“Let the sun shine,” may have been the tune being hummed by homeowners while first installing a photovoltaic solar array system on various roofs and grounds of their property located within a subdivision.
But, the Missouri Court of Appeals subsequently upheld the decision of the Twelve Oaks Homes Association’s Design Review Committee (DRC) disapproving part of the solar structure. That decision was reasonable and consistent with the DRC’s role to preserve the beauty and utility of a pleasant residential environment, to enhance the value of the property within the subdivision, and to maintain the harmonious nature of the structures in the subdivision.
Cue the song, “Ain’t No Sunshine” based upon the evidence that neighbors in the subdivision voiced objections about the aesthetics of the solar panels, along with complaints of on-going glare from the panels and concern that the panels could potentially lower the property values of adjacent homeowners.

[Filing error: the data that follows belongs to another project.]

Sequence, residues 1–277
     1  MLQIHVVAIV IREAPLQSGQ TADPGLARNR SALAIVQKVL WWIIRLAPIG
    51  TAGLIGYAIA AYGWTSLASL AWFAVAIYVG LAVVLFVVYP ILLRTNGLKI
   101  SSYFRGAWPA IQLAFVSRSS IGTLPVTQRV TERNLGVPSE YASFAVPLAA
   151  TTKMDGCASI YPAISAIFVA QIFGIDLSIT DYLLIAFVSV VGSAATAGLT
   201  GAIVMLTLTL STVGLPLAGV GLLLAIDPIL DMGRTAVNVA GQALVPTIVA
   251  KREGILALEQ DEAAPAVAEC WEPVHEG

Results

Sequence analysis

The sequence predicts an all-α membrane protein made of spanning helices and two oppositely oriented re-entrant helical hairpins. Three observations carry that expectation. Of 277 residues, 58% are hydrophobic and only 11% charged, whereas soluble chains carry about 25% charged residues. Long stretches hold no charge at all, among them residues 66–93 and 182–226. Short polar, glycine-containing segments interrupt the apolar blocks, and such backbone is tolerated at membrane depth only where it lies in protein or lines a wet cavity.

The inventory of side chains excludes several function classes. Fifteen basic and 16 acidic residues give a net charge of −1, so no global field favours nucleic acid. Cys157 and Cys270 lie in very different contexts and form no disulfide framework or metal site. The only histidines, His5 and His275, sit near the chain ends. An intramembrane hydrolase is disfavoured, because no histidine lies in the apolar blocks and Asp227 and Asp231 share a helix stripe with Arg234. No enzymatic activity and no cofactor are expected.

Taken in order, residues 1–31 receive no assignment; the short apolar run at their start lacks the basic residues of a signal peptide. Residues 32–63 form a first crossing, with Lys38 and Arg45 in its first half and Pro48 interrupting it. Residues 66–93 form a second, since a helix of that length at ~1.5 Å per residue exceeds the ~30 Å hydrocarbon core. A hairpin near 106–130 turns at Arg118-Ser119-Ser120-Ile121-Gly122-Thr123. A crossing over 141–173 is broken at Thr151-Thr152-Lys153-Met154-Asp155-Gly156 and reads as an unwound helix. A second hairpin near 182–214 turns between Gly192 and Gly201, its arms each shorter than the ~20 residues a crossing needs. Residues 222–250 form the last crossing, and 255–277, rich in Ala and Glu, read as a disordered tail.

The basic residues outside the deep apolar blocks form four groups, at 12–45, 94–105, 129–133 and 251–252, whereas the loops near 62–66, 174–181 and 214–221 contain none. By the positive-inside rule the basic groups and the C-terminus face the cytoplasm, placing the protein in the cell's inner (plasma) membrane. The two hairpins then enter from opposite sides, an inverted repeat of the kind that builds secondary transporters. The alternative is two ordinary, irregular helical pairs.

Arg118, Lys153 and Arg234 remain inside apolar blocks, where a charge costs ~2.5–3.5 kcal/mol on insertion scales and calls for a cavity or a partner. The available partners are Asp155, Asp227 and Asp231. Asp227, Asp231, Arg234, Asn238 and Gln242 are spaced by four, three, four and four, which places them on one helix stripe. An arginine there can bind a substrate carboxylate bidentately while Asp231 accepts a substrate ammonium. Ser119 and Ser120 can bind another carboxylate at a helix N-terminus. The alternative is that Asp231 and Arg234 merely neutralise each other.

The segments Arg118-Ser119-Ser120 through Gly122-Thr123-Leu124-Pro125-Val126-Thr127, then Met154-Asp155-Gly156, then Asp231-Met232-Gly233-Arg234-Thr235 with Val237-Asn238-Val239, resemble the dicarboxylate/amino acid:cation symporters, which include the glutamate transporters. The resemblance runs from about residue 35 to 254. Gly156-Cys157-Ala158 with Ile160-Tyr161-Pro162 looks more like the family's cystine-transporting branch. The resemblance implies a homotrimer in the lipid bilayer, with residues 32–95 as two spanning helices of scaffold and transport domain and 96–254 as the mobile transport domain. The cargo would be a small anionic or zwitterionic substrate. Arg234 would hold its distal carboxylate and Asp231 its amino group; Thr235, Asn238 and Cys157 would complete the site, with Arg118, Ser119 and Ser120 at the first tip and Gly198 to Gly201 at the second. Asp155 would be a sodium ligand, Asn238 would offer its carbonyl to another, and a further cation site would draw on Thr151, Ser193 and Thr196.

Importantly, the court noted that while the law favors the free and untrammeled use of real property, valid restrictive covenants cannot be disregarded. The Court wrote:
“Subdivision building restrictions adopted for the purposes of preserving beauty and utility and enhancing the value of residential property are valid, and injunction is the proper remedy for their violation. Likewise, covenants requiring prior approval or consent to the erection of structures and allowing disapproval if structure is not in harmony with general surroundings of the subdivision are valid if reasonably exercised.”
Finally, the Court of Appeals found that the homeowners association was entitled to reasonable attorney’s fees relating to its action to enjoin a violation of the restrictive covenants.